More than 50 members of the U.S. House have signed a letter to the U.S. Securities and Exchange Commission (SEC), urging that agency to issue final rules of the Dodd-Frank financial reform package requiring mining companies to disclose payments they have made to government in the commercial development of minerals.
The letter, signed by 58 lawmakers, was sent to SEC Chairman Mary Schapiro. In it, the lawmakers express concern that the commission had missed the April 17, 2011 deadline for the provisions’ final rule.
The two provisions, sections 1502 and 1504, are intended to curb corruption and promote transparency among companies involved in resource extraction.
Section 1502, the so-called “conflict minerals provision,” requires companies to examine their supply chains to determine and disclose if their products contain minerals from the Democratic Republic of Congo or surrounding countries. Section 1504, meanwhile, requires companies to disclose to the SEC all payments made to either the U.S. or a foreign government for the extraction of oil and minerals, The Wall Street Journal reported.
Section 1504 is aimed at implementing reporting obligations consistent with the Extractive Industries Transparency Initiative into U.S. law. It would require mining, oil and gas companies to disclose the nature and total amount of payments made to foreign government for each of the company's projects, as well as the type and total amount of payments on a country-by-country basis.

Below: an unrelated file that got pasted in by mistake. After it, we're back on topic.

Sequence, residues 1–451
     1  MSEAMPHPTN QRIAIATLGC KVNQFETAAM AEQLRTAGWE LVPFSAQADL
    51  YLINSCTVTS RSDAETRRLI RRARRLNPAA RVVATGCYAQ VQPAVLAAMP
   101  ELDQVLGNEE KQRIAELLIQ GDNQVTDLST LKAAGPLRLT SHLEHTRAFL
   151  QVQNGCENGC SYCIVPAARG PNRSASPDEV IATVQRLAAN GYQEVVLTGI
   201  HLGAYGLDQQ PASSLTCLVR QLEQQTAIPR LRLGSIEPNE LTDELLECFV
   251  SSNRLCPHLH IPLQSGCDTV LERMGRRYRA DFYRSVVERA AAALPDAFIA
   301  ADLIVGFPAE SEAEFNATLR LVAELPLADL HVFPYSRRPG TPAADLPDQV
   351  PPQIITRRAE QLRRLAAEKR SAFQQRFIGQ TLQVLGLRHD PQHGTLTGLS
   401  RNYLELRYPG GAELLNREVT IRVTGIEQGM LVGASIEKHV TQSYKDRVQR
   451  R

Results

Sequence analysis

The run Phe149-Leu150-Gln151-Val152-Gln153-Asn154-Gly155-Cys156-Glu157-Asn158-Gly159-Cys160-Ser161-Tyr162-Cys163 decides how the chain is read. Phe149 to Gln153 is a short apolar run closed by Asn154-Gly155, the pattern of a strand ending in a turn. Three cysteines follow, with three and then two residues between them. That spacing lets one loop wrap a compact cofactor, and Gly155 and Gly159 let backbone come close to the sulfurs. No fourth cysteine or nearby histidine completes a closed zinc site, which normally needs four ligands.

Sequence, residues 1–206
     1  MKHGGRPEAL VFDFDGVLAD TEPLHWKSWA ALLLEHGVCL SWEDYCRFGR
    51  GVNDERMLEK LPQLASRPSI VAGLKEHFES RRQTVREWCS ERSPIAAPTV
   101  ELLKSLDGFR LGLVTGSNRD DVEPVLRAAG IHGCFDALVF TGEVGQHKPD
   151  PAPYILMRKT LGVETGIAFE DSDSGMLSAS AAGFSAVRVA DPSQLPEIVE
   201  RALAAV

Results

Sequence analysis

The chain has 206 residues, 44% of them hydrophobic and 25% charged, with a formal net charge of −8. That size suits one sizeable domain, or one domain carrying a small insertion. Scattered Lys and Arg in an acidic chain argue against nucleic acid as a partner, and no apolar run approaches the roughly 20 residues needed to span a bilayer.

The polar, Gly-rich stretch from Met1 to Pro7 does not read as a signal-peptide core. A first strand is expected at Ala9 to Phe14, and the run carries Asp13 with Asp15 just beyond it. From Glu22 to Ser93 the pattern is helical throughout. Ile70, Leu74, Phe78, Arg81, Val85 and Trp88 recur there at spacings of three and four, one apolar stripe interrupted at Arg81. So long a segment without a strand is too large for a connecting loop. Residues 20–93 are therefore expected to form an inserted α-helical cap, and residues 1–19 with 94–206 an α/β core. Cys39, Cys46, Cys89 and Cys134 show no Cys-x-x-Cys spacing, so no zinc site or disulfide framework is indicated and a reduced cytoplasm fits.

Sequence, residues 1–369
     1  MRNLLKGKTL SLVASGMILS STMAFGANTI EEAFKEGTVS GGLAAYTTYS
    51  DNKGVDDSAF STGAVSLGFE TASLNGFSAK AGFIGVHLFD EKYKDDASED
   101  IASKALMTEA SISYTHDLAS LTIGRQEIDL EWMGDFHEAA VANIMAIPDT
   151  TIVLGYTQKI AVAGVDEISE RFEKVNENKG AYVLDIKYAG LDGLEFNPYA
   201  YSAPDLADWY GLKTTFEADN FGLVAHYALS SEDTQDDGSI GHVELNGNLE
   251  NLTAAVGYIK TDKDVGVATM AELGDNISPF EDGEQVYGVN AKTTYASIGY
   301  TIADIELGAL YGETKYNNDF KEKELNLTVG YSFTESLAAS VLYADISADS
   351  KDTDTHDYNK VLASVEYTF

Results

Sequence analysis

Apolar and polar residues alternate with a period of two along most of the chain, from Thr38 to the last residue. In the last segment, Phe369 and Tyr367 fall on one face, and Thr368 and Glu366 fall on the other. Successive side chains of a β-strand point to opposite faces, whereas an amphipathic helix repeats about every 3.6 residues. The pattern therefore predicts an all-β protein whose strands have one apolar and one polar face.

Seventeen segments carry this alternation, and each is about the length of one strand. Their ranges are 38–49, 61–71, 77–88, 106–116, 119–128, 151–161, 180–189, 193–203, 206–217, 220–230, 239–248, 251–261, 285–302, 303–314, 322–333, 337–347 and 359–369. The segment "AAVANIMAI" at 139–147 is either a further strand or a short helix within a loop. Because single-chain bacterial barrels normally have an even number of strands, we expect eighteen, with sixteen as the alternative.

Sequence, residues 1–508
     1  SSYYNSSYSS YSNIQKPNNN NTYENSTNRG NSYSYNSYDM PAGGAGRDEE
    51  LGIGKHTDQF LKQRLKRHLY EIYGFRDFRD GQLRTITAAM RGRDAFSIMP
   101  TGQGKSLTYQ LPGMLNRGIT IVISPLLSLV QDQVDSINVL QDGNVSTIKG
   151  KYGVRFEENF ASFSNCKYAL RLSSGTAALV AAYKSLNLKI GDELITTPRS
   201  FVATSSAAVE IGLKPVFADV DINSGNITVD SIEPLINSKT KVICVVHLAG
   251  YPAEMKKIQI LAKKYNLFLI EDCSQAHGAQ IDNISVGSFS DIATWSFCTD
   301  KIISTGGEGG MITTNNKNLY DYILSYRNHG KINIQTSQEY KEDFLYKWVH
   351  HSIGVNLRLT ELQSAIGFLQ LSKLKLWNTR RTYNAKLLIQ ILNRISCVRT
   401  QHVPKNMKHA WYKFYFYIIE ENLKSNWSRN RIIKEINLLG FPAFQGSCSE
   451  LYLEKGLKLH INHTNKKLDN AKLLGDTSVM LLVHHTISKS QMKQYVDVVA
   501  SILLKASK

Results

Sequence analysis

“There is no clear reason for the delay,” the lawmakers wrote. “It has been nearly 18 months since the proposed rules were issued, and the comment period for both rules closed over a year ago. The Commission has had more than enough time to consider and respond to all of the substantive comments from industry, civil society, investors and others.
“This issue is too serious to allow further delay. Conflict minerals and non-transparent payments for natural resource extraction continue to be a weight on developing nations’ growth and are a risk to investors and the public,” the letter said.
“Worse, continued delay undermines efforts in the DRC to make the mining industry more transparent and to diminish the link between minerals and the funding of the brutal violence carried out by warlords,” said the letter. “If the rules are not released soon, some companies will not have to file their first reports until Summer 2014, four years after Dodd-Frank was passed.”
“We urge you to schedule a vote on the final roles to implement Sections 1502 and 1504 by July 1, 2012,” the lawmakers demanded.
On May 16, Oxfam America sued the SEC for allegedly unlawfully delaying the issuance of final rules for Section 1504.
The National Mining Association asserted that Section 1504 would be “impractical, confusing, unnecessarily burdensome, and inconsistent with the purposes of Section 1504.”
The association suggested that project-level disclosure may put companies into conflict with some host government confidentiality restrictions in place on existing projects. “It is critical that the regulations do not place reporting companies into such a ‘no-win’ position, where they could incur sanctions such as fines or even the revocation of a concession,” said a NMA white paper on the issue.